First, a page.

The question of how lens focal length and binocular magnification appears to have been asked over 3.86 quinzillion times. Regardless, it's still hard to get an answer the layman can understand. I'd like to have another go by asking a very specific version instead of the more general question.
- I'm into back-yard birding, for which I currently use a pair of 8x magnification binoculars (Nikon Monarch M511 8x42 6.3° to be precise), and I now want to add bird photography to my activities
- I already have a camera in the form of a Nikon D5200. I believe its sensor has a "crop factor" of 1.53 (and I am led to believe that number is important)
- So, I'd like to obtain a lens that I can use with my D5200 so I am able to see a bird in at least as much detail (i.e. magnified at least as much?) as I do when I look at it with my binoculars, specifically in the following two situations:
- When I look at it through the viewfinder of the camera
- When I look at it in the end photograph
Some other (possibly) relevant info:
- My primary interest for now is observing the bird and recording its image; i.e. it is not in producing aesthetically pleasing bird-ish art. And so specifically, I don't care about depth of field -- or, rather, I don't care if I cannot achieve a shallow DoF. (Do I?)
- I live in a region with very bright sunny days, and most of the birds I'm concerned with are stuffing their fat asses with food from my feeders, so they're not exactly in a hurry. In other words, the speed/aperture of the lens isn't that important. (Is it?)
- Of the two aspects of my lens requirements -- looking through the camera viewfinder, vs looking at the end photograph -- the first is more important to me (because when it's live, through the viewfinder, it might fly away, so the more detail the better; once I've taken the shot, less detail is compensated for by now-unlimited time in which to study it)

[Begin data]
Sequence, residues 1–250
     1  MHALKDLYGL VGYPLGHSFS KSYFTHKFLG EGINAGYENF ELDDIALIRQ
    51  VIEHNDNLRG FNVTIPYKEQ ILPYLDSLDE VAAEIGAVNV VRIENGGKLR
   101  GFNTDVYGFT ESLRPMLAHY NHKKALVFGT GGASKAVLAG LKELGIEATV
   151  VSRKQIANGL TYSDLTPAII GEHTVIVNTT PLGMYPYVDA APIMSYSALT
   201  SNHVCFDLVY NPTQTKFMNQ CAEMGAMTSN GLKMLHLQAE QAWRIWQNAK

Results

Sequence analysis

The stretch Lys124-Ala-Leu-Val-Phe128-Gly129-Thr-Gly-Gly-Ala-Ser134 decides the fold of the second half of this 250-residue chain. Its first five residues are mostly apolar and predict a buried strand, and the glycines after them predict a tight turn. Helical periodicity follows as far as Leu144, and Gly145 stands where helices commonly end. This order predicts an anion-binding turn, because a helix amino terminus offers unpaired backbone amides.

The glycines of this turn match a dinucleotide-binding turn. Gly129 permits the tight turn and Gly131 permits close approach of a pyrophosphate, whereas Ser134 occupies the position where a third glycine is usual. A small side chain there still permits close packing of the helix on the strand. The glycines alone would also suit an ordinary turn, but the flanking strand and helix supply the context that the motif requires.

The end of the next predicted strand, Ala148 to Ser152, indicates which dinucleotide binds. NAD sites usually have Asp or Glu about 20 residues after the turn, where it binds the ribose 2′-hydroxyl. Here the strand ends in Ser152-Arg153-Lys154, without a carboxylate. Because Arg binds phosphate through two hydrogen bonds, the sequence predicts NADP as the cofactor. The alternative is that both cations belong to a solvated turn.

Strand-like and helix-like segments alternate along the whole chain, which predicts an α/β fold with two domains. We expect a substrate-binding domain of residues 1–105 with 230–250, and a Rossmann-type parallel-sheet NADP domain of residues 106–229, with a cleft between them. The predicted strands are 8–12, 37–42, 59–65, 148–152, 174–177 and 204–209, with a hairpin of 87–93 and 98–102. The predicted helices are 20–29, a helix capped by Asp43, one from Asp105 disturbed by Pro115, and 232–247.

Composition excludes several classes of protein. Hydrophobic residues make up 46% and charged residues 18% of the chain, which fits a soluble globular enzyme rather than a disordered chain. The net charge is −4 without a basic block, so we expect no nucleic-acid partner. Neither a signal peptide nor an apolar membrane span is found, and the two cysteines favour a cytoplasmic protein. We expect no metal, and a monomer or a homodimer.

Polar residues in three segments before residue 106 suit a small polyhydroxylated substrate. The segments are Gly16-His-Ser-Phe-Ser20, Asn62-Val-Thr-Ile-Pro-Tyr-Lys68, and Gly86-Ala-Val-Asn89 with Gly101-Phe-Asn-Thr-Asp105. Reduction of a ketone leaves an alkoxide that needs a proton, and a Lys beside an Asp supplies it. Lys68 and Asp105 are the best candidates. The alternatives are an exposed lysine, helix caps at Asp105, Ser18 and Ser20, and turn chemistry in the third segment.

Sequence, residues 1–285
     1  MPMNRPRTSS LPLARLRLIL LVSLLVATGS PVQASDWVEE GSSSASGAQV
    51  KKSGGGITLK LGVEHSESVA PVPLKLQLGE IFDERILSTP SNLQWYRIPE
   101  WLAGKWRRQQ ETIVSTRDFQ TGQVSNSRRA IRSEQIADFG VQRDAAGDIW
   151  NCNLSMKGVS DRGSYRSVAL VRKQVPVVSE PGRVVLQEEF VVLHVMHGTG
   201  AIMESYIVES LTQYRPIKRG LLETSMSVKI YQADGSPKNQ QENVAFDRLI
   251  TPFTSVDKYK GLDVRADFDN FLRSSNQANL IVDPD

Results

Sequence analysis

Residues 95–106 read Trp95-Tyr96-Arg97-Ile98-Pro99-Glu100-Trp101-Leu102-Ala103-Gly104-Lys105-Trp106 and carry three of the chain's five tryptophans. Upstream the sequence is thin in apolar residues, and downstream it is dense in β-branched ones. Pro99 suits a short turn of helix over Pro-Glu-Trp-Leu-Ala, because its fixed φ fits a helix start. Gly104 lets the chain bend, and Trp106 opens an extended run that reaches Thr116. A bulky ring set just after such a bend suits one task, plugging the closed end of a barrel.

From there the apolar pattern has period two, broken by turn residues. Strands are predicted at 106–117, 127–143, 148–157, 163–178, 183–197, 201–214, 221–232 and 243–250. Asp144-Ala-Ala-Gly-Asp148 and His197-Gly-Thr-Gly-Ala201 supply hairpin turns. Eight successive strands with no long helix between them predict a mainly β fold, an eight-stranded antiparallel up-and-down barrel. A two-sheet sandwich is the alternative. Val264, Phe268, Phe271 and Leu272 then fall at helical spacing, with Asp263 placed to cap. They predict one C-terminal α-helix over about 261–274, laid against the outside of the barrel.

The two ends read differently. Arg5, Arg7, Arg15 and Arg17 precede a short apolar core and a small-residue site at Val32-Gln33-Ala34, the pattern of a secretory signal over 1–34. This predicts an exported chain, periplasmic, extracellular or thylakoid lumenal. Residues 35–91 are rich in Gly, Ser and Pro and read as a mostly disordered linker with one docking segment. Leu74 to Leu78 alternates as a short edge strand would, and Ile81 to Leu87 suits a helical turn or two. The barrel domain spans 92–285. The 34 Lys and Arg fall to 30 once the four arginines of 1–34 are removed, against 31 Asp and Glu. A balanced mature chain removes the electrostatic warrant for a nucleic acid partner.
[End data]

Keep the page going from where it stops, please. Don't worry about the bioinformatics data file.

So, given all of that, my main question is simply:
Q1. Which focal length of lens do I need?
If I could get a straight and simple answer, ideally in the form of a number of millimeters, that would be WONDERFUL. Provide it and you may consider yourself a candidate for the next Nobel Prize in Straight and Simple Answers on photo.stackexchange.com (it's going to be huge!), or at very least a Truly Wonderful Being.
HOWEVER, based on reading the countless other attempts to ask this kind of question, and their answers (OK, I admit I may only have read 10 to 20, but there are a lot), I accept that in the underlying optical equations there are umpteen other variables over and above just focal length, so in case it's simply impossible to answer Q1 based only on what I've told you so far, here is a followup:
Q2. If my description does not provide enough information to answer Q1, is it possible to specify (and if so, could you so specify) what else you'd need to know to enable an answer?
For example, does it matter how far the birds typically are from where I observe them? Does it matter if I first chuck a brick at all the boring old White-winged Doves so as to clear the way for the spectacular Painted Bunting I actually want to see?
Finally, a pragmatic closing question. I'm pretty sure the number I'm looking for is something in or around the 300mm to 400mm range and for me that might represent a bit of a price pain point: 300mm or less is OK; 400mm or above is a bit ouchy. Therefore:
Q3. If the answer to Q1 is something above 300mm (e.g. 428.4mm if I had to take a rough guess), and I decided I just couldn't stretch that far, just how inferior to my 8x42 binoculars would that 300mm lens's image be, especially in the all-imporant how-it-looks-live-through-the-viewfinder department?
P.S. In case there are any Brit birders reading this, especially fans of Bill Oddie, yes, yes I know that for identification purposes it's better to learn to draw the wee buggers rather than to take pics of them, but I draw the way Hoopoes congregate in Trafalgar Square, so I want a lens!